Danie Mellor’s new online exhibition at Tolarno Galleries, The Sun Also Sets, made up of paintings and large-format photomontages, is a deeply considered meditation on time, culture and the notion of ‘landspace.’ It is also an insightful and inventive musing on the relationship – and distinctions – between photography and painting. Barnaby Smith spoke to the artist about his inspirations and intentions for a show that is on one hand a time capsule, and on the other poses many questions of contemporary relevance.
Barnaby Smith: Firstly, can you give some context to the sense of cultural duality in the exhibition? The Sun Also Sets engages strongly with indigeneity and colonialism, yet the name of the show stems from Hemingway’s novel The Sun Also Rises (Hemingway himself took the title from Ecclesiastes), and the tile of one piece comes from Dylan Thomas. These are obviously references to a Western European tradition. You’ve spoken before of ‘shared history,’ is it something to do with that?
Danie Mellor: To some extent. In my early career I spoke of shared histories, but it’s important to note it was an involuntary and often violent form of sharing as a result of historical colonialism.
As to the origins of the title of the exhibition, I am interested in how cultures arrive at philosophical understandings around the cyclical nature of life. Whether those stories and intellectual signposts or markers, in this case the titles you mention, have an Aboriginal or non-indigenous source is not always significant, as each can lead to similar spaces of reflection.
BS: How does this exhibition expand on ideas explored in your previous exhibitions?
DM: I’m hoping it expands on my thinking around the proposal of a ‘landspace,’ rather than simply the landscape. The landspace is something I first wrote about in relation to my last exhibition at Tolarno Galleries, The Landspace: [all the debils are here], 2018, as being conceptually and culturally inclusive, allowing for encompassing worldviews of Country to co-exist with all other ways of considering landscape.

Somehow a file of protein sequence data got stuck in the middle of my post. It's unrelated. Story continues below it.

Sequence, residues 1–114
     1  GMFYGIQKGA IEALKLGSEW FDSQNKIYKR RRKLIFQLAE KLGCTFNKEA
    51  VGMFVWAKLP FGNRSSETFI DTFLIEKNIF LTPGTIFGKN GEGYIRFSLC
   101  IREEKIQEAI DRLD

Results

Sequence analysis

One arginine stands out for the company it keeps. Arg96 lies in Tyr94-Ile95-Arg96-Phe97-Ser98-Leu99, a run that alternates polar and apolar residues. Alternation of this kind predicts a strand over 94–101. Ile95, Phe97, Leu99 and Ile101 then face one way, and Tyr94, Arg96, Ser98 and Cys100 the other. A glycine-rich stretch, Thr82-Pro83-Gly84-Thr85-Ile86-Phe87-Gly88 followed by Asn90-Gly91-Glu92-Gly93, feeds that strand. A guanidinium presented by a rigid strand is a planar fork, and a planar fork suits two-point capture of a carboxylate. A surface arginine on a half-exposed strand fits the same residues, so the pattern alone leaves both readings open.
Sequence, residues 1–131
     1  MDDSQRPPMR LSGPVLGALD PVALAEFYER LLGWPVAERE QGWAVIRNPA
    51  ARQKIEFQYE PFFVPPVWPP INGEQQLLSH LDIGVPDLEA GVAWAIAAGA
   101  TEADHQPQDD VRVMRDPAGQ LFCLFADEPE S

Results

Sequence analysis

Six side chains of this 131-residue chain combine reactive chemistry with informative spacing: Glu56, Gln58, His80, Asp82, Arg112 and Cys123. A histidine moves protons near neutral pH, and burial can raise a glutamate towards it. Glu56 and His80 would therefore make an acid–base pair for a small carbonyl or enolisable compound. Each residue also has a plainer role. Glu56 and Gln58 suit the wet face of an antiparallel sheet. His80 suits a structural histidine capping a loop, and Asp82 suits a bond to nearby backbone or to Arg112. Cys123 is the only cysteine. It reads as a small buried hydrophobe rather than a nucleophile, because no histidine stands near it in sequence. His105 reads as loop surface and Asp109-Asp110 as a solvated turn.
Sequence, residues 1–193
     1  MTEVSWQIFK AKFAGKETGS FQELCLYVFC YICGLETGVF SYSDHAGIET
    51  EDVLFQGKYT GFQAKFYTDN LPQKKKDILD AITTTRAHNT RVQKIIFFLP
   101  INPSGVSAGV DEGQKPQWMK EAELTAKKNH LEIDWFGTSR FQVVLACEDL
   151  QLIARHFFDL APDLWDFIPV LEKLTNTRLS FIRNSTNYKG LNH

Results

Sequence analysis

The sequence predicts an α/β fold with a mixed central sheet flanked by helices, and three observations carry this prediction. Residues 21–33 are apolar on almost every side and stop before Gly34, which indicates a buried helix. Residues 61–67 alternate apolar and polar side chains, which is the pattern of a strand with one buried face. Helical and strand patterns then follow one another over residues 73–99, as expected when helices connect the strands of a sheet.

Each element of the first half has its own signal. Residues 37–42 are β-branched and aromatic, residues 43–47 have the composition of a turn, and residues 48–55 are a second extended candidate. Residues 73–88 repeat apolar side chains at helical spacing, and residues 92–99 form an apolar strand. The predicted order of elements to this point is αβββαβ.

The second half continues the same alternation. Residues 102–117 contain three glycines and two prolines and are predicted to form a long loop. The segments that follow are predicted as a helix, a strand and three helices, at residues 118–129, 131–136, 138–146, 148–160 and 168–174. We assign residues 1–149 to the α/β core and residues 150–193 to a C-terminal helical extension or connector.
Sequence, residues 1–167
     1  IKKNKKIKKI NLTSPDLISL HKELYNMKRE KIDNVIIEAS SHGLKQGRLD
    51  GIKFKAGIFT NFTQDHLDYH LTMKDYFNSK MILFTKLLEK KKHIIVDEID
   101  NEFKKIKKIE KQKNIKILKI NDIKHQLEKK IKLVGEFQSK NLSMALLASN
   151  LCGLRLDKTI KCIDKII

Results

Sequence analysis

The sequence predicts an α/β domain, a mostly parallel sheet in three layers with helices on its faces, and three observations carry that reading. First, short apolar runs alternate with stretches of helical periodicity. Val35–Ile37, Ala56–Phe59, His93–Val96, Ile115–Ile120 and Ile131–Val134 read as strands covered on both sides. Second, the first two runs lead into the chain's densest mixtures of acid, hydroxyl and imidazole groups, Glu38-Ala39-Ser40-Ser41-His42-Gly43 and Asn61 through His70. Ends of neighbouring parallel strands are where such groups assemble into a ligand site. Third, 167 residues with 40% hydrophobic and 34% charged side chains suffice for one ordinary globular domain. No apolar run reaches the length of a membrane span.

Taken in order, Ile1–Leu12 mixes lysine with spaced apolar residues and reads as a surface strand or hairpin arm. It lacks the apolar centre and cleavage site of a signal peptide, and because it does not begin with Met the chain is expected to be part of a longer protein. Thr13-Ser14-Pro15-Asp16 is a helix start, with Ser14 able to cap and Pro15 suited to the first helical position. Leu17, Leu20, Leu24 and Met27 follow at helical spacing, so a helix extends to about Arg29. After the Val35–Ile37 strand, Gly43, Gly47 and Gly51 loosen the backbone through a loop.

It’s a subtle shift, but it opens a raft of new possibilities in terms of how we envision real and intangible responses to our environment. I have found that thinking in terms of a landspace activates a quantum understanding of cultural narratives in relation to time, particularly when considering the simultaneity of past, present and future that is the foundation of ‘everywhen’ in Aboriginal cultures.
BS: Can you describe the journey of how you turned to painting, as opposed to other mediums, for this show?
DM: It’s a turn and return, as I painted during my early career, although I only rarely, if at all, exhibited paintings. It seemed the right moment for this exhibition, given my continuing interest in painting and its relationship with photography.
I remember as a student being taken by early modern history and the relegation of painting to its death as photography gradually became an accepted art form. I’m interested in artists like Chuck Close, Gerhard Richter and to a lesser extent Sigmar Polke, as their photographic sources – particularly for Richter – become documents the painting ultimately reflects, so there is a kind of internal truth revealed in completed images as a result of that relationship.
I felt that in coming to a decision about what to produce for The Sun Also Sets, it was timely to consider bringing the two mediums together in some form of dialogue.
BS: So it feels like The Sun Also Sets is making a point about photography as it relates to history, and its distinction in this way from painting. Is that fair?